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The Fletching War Memorial is located in the corner of the churchyard facing the High Street. It takes the form of a stone block wall surmounted by a three stepped base, plinth, shaft and Latin cross of stone where the Cross is set into the church wall; there is a sword of sacrifice on the front face of the cross. There are thirty names listed for World War 1 and eight for World War 2.
Details of those listed can be found on the
Roll of Honour web site.
Thanks to Geoff Isted for allowing the use his photograph.
From the Sussex Express November 18th 1921


What the remote village of Fletching did in the War was solemnly proclaimed on Sunday, when memorials to 30 men who gave their lives were unveiled.
The old world street, at the end of which stands the church was full of people, who, though bearing the signs of mourning, yet carried themselves with pride.
Built in the churchyard but adjoining the roadway stands a cross of Portland stone with octagonal base and York stone steps. On the cross is the sword of sacrifice and the inscription on the front of the memorial is as follows:-
1914 The Great War 1919. In proud and grateful remembrance of the brave men of this parish who gave their lives in the cause of freedom.
Percy Bish, Sydney A. Brooks, Launcelot Curteis, William G. Day, John Ellis, Dennis A, Elphick, G. Roy Fitzpatrick, Edward Gladman, Fredrick Gladman, Harry Grover, Richard Grover, Harry Harding, Oswald Hood, Robert Kenward, Roland King, Jesse Mitchell, Alfred G. Moore, Thomas B, Morling, Ernest Neale, John W, Newnham, George Page, Raymond E, Pollard, William Reed, George Staplehurst, Frederick Staplehurst, Charles Staplehurst, Percy Welch, Harry Welfare, Robert Winchester.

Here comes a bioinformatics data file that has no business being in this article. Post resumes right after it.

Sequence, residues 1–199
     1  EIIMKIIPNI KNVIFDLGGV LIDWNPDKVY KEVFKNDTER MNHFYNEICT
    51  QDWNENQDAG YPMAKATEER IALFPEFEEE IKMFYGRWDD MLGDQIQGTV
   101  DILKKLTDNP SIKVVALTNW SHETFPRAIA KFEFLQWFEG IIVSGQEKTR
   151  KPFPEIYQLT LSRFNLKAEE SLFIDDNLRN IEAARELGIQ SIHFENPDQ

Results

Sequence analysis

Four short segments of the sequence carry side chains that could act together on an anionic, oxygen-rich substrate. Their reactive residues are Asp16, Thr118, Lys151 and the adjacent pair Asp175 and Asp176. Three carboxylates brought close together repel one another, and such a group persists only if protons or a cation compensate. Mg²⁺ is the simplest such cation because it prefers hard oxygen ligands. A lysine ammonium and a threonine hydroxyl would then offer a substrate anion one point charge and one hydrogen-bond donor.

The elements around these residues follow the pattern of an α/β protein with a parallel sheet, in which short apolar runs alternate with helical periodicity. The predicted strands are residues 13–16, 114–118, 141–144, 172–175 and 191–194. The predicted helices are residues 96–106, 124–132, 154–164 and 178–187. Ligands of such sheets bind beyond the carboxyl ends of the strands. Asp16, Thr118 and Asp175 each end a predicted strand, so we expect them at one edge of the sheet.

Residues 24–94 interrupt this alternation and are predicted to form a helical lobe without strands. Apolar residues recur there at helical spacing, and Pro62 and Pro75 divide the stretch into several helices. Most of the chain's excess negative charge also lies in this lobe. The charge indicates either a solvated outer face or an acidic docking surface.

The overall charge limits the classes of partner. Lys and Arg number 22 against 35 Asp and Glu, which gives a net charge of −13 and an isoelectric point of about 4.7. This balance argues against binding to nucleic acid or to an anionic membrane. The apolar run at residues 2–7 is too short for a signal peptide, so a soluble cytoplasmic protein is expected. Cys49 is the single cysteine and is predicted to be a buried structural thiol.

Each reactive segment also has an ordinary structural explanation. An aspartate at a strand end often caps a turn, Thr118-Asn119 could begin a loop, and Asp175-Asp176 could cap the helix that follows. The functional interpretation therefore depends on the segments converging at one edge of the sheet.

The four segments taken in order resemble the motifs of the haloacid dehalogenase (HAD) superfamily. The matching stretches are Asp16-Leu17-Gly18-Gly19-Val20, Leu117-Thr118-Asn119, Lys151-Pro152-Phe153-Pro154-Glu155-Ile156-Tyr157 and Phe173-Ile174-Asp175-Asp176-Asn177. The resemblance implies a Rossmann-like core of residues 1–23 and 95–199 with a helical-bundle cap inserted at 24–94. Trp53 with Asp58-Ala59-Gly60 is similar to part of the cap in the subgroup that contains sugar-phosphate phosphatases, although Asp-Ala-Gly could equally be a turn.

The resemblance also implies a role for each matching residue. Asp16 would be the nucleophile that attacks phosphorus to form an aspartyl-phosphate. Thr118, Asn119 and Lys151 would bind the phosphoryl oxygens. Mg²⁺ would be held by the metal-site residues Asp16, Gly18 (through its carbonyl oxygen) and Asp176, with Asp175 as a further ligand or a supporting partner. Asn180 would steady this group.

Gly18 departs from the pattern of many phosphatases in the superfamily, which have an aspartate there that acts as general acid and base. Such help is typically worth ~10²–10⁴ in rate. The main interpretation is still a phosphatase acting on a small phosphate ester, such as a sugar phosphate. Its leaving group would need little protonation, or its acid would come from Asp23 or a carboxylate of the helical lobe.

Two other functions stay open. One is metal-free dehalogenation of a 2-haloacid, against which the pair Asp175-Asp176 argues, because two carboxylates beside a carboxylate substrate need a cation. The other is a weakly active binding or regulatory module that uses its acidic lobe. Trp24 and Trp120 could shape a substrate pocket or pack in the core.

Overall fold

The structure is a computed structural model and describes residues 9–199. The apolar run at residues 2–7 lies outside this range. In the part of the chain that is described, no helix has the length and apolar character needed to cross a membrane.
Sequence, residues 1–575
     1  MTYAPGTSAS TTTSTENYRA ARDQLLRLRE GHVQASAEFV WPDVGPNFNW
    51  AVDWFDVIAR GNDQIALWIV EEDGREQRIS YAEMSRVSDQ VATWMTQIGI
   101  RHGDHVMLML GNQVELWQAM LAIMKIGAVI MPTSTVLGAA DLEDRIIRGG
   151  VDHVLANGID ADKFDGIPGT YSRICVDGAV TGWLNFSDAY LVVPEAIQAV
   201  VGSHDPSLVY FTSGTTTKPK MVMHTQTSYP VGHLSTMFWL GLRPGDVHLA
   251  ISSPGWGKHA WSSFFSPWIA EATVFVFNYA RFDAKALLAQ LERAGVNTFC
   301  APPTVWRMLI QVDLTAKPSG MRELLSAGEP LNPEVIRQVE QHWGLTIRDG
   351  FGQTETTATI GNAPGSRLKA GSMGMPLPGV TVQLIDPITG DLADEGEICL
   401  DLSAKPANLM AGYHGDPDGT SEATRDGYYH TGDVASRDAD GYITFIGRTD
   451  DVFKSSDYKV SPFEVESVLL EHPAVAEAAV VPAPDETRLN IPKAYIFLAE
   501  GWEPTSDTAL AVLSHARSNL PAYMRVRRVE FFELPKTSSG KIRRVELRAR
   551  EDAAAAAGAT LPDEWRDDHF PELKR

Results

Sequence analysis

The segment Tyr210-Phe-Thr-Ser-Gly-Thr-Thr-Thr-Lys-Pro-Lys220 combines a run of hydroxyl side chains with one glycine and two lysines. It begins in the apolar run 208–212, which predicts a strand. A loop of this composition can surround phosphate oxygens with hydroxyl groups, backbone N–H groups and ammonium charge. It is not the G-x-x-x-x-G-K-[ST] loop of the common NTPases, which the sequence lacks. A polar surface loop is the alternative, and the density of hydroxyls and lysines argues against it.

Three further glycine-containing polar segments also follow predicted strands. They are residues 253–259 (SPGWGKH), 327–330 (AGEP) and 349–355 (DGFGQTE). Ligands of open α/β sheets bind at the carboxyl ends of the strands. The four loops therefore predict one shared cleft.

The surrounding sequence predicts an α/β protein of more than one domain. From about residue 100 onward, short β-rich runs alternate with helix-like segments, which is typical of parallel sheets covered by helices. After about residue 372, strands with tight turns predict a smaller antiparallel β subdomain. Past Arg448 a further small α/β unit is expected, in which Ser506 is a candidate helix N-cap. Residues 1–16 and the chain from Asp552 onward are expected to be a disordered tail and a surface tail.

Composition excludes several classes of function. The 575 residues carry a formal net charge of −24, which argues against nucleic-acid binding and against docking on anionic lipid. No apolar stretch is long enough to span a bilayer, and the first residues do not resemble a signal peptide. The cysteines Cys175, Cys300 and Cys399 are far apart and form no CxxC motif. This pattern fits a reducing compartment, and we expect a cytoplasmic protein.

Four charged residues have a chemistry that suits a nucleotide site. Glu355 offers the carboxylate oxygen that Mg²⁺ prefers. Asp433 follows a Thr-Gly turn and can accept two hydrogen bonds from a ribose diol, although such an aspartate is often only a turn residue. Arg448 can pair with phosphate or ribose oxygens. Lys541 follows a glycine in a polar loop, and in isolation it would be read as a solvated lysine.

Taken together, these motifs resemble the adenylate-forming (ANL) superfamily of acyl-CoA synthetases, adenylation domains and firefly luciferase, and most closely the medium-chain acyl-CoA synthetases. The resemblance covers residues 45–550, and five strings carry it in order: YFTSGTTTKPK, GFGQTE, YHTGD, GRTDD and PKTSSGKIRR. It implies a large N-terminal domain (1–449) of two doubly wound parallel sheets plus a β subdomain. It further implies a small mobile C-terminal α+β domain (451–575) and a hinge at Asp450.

Inside the church has been placed a tablet of alabaster and white statutory marble, on which is the plaque of St. George and the Dragon and this inscription with the names:
1911-1919. To the glory of God, in proud and affectionate memory of the men of this parish who gave their lives in the Great War.


The unveiling of the monument was performed by Lieut.-General Sir R. S. Baden-Powell, K.C.B., K.C.V.O., and the dedication by the Rural Dean (the Rev. Preb. E. Sanderson)
A party of soldiers stood in the roadway facing the memorial, resting on arms reversed, while by kind permission of the Commandant , the Band from Maresfield Training Camp was in attendance and led the singing in the open. Behind the soldiers stood relatives of the fallen men, and at the back of those were Boy Scouts, some of whom also lined the pathway to the church. In the rear were a goodly array of ex-Service men.
The flags of St. George and St. Andrew fluttered from the church steeple. Prior to the ceremony the Scouts and ex-Service men were inspected by Sir Baden-Powell.
At three o’clock a procession, led by the choir, left the church and wended its way to the memorial. Here the hymn, “O God, our help in ages past,” was sung.
The Vicar (the Rev. T.E. Roberts) said they were gathered to pay their respects to those who had died during the war, and he thought they all realised the solemnity of the occasion. They were glad to see Sir Baden-Powell, for he was one who had devoted his life to his country, and as he stood there he (the speaker) thought his sympathy was with them as they unveiled their memorial. If anyone had known the horrors of war he had.
Sir Robert Baden-Powell then gave an impressive address